The best places to find this is sausage making specialty stores online or Amazon here.

Rusk

Rusk is more commonly used in the U.K. as a binder for sausages. The reason being that its more readily available. Rusk also is used as filler or additive and varies in texutre.

Think of rusk as very similar to bread crumbs but rusk is traditionally baked instead of simply dried.

One neat thing about rusk as opposed to the other binders is that you can make it at home. The other binders require more extensive processing which makes it difficult to do at home.

Substitute for Milk Powder in Sausage

If you need an allergen free product to use for binding sausage. Your best options are the carrot fiber or rusk. Both are going to be dairy-free and will work as a great substitute.

Types of Sausages and Conclusion

There are three basic categories of sausages. They are fresh or raw sausage, an example would be Italian sausage.

Processed sausage are sausages that are cooked, cured, fermented, or smoked, these would be sausages like pepperoni or bologna. Then there are the dry to semi-dry sausages, think of summer sausage.

Read more: What’s The Difference Between Chorizo, Pepperoni and Salami?

This is important to know since each has its own preparation process and the binder should be adjusted accordingly.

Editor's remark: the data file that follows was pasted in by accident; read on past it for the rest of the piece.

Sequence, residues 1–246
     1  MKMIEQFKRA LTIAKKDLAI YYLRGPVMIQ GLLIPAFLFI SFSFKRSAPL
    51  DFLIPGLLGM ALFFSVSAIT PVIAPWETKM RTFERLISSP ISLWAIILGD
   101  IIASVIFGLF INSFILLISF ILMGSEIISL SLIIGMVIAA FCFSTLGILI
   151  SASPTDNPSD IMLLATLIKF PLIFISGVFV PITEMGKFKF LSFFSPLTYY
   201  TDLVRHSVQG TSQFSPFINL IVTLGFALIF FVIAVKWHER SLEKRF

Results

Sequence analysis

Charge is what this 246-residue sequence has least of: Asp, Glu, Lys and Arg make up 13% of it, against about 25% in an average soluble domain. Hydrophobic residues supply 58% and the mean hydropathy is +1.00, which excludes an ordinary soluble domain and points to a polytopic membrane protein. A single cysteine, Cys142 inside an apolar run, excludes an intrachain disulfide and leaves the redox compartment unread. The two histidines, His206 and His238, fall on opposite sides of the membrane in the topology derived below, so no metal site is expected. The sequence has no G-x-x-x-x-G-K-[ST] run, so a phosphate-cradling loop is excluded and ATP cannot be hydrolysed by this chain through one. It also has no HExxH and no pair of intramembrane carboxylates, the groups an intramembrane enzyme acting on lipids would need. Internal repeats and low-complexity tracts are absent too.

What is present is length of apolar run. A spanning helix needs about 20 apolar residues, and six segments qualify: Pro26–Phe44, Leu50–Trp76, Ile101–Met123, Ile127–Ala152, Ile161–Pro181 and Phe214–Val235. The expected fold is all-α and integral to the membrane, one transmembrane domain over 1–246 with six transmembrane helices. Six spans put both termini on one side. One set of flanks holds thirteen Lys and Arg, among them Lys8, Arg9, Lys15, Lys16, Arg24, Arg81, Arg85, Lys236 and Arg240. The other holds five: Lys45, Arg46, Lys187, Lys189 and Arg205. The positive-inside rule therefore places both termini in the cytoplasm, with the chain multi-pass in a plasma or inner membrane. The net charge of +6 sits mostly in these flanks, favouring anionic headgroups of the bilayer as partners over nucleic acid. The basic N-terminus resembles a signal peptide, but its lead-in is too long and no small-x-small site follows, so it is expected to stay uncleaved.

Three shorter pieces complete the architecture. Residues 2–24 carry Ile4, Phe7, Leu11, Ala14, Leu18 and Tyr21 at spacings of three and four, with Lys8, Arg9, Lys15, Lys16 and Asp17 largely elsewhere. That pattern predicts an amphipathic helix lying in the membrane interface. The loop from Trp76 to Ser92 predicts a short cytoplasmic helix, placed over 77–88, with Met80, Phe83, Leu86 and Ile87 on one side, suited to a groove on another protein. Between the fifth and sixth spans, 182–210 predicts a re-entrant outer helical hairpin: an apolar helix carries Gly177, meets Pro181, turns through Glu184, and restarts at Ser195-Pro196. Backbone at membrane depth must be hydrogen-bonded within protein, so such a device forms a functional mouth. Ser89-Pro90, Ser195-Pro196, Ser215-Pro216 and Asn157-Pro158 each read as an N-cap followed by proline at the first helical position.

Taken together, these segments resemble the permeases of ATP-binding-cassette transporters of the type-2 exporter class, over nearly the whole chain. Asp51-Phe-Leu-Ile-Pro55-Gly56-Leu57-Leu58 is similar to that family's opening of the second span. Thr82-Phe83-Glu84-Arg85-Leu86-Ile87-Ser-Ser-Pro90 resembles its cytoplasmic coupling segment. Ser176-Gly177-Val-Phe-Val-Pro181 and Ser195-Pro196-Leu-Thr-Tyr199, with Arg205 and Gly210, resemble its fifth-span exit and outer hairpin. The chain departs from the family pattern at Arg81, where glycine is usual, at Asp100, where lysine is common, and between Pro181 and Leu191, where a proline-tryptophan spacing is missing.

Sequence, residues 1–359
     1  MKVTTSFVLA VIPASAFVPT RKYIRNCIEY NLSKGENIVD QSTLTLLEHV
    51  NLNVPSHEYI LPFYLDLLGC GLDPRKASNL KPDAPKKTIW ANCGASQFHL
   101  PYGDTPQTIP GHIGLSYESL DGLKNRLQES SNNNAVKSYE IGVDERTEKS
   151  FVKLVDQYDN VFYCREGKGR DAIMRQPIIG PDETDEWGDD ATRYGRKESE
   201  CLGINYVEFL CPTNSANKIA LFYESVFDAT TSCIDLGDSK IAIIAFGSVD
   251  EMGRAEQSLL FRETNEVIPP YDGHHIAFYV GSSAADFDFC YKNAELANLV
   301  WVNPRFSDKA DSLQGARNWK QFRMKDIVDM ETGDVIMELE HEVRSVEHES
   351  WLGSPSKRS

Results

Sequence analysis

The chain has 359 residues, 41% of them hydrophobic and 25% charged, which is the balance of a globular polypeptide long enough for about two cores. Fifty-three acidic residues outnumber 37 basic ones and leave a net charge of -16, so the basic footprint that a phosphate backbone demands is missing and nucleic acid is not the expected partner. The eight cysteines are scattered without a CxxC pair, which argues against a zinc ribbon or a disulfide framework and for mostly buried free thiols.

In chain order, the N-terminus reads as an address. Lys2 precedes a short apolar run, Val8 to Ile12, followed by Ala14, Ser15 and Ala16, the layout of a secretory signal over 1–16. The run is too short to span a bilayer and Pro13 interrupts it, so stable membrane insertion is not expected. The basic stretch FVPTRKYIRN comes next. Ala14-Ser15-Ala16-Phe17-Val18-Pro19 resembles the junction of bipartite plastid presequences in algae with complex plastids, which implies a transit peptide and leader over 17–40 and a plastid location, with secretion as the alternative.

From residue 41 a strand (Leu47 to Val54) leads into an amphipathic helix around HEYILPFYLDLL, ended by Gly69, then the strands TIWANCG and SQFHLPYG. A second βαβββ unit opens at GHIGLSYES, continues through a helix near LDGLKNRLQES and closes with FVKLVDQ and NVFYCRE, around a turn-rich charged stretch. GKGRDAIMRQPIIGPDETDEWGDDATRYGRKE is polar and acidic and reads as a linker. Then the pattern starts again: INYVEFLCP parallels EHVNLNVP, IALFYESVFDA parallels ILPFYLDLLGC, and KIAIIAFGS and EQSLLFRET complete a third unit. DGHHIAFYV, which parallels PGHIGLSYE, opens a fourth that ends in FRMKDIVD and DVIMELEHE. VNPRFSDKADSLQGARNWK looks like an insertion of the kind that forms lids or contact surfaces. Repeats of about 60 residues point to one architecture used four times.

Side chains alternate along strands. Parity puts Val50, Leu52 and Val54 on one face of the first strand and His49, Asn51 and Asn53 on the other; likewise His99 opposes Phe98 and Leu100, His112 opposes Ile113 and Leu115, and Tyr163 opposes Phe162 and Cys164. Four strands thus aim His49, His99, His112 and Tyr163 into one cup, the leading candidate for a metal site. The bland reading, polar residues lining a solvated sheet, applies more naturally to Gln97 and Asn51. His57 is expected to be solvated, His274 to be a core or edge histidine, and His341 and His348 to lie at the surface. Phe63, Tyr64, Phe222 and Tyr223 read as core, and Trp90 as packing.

Following a recipe is always recommended for first-time sausage makers as there can be safety standards to follow since it has a high risk of bacteria. Keeping everything cold throughout the process is important. 

Binders, while are not essential, are important and helpful in keeping your sausage moist, plump, consistent in texture, and flavorful. The last thing you would want is a sausage that is dry and flavorless.

Evaporated dry milk is a great way to go since it is available and does a great job but soy protein is also great if you have it on hand. There is a slight edge to the dry milk since it gives it a much richer flavor. 

Eric M Wilkens

Content writer and recreational cook. I also enjoy craft beer, comedy and the outdoors.